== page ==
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Eco-Justice Notes
The E-mail Commentary from Eco-Justice Ministries

Thou Shalt Not Exploit
distributed 1/9/04, 4/18/08 & 10/30/15 - ©2015

"Thou shalt not exploit what God has made." Those eight words make up my short "church-speak" definition of eco-justice.

I've found the sentence to be helpful on several levels when I'm talking with church groups.

  • By echoing the style of the 10 Commandments, it immediately puts us into a way of thinking oriented toward the moral content of our most basic relationships.

  • The language about "what God has made" holds together our relationships with all parts of God's creation -- humankind and "otherkind" alike. There's not one set of rules for dealing with people, and multiple other sets of rules for dealing with domestic animals, wild animals, plants, minerals, air and water.

  • The really stimulating word in the sentence is "exploit." Applying that word within the sense of a single set of rules is shocking, because there is a long tradition of using the term in dramatically different ways.
I once did a thorough search of a university's library catalog on the word "exploit," and I found two contradictory groupings of titles. On one hand, there was a rich literature grounded in human rights perspectives and Marxian economics, that railed against the exploitation of workers. On the other hand, there was an extensive body of writing that celebrated the exploitation of natural resources such as water, timber and oil.

My eco-justice definition lumps together both realms -- the treatment of workers and the use of natural resources -- and says that any exploitation is wrong. It is a provocative notion, and one that I've found to be a good conversation starter.

But, realistically, are those two uses of the word "exploit" talking about the same thing? How on earth can the principles that we bring to social justice be applied to our relationships with non-human, and especially inanimate, parts of the creation?

In sorting that out, let's look first at the characteristics of exploitation in the more familiar human context.

Slavery is the most glaring example. One group of people is used for the benefit of another. The labor, creativity, and freedom of the enslaved individuals are used to provide profit, leisure and status for another. It is not a voluntary relationship. Not only are there economic imbalances; slavery requires power imbalances that impose servitude on the oppressed.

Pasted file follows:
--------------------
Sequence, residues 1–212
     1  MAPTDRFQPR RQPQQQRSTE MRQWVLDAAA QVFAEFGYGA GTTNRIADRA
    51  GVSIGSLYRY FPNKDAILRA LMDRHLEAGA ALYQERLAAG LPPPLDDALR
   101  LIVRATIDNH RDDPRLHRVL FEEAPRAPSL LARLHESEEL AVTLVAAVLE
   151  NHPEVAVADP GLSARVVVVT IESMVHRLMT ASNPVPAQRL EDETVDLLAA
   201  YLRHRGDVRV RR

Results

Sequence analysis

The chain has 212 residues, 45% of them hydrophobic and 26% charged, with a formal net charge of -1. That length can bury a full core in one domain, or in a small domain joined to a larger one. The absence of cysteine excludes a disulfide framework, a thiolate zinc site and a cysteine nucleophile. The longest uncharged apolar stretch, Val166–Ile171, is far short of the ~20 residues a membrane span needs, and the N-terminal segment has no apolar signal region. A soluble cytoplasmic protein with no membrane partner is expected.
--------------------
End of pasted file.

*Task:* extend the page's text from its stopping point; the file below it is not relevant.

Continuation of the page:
Exploitation can be present even when there is a veneer of freedom. Think of sweatshop workers -- whether in urban America 50 years ago, or in 3rd world settings today. Exploitation emerges when people do that work in a setting of forced choice (it is the only job available -- work for a dollar a day, or don't work at all), and where one party (the boss or the corporation) profits far more handsomely than the workers do.

And it is important to note that a worker/employer relationship isn't necessarily exploitative. When there are real options for work, and where compensation is fair, the workers are not being exploited. Historically, labor unions have helped to even out power imbalances and have worked for just levels of pay and benefits. And in many other settings, the work that people do is freely and even joyously chosen, and the rewards are fairly divided among all involved. That sort of equitable relationship is in line with what Adam Smith envisioned in a genuinely "free market" where all parties benefit. It isn't exploitation if everybody gets a good deal.

In the human realm, we see that exploitation is a corruption of what could be a fair, responsible and just relationship. It is grounded in unbalanced power and benefits. So, how does that idea stretch to the treatment of animals, and the management of natural resources?

The key notions are of voluntary and equitable exchanges. Are all of the parties given choice or voice, and do all parties benefit? Those are tough and controversial ideas when extended beyond the human realm, but let me sketch out some applications.

  • Some will say that any raising of livestock for human consumption is exploitative. Most people readily will agree that worst forms of factory farming cross the line into abuse and exploitation. In the middle range, animals that are raised in a "free range" setting and in open relationship with others of the same species, that are well-fed and well-treated, and that are killed humanely, are less exploited than those that are caged. There is more sense of choice and freedom, and more balancing of benefits.

  • The sustainable and ecologically-sensitive management of a forest can provide benefit to all involved. Humans get timber and other resources, and the forest community is maintained in a vibrant state of dynamic interrelationship, including fire and a diversity of species. Widespread and unsustainable clear-cutting, on the other hand, provides no benefits to the forest, and is exploitative. All the gain is to the humans, and all the cost is to the forest.

  • The extinction of species, or the exhaustion of non-renewable resources, is a selfish and unbalanced use that provides benefit only to the immediate human generation. It isn't fair to the creatures who are lost forever. And it isn't fair to the future generations who are deprived of those treasures. At the least, our exploitation is diminished if we use up resources at the slowest possible rate.
My 8-word definition of eco-justice has lots of rough edges and gaps. But using the word "exploit" consistently across the whole realm of God's creation calls us to a challenging, insightful and productive new way of evaluating our relationships and our behavior.

Shalom!

Peter Sawtell
Executive Director
Eco-Justice Ministries

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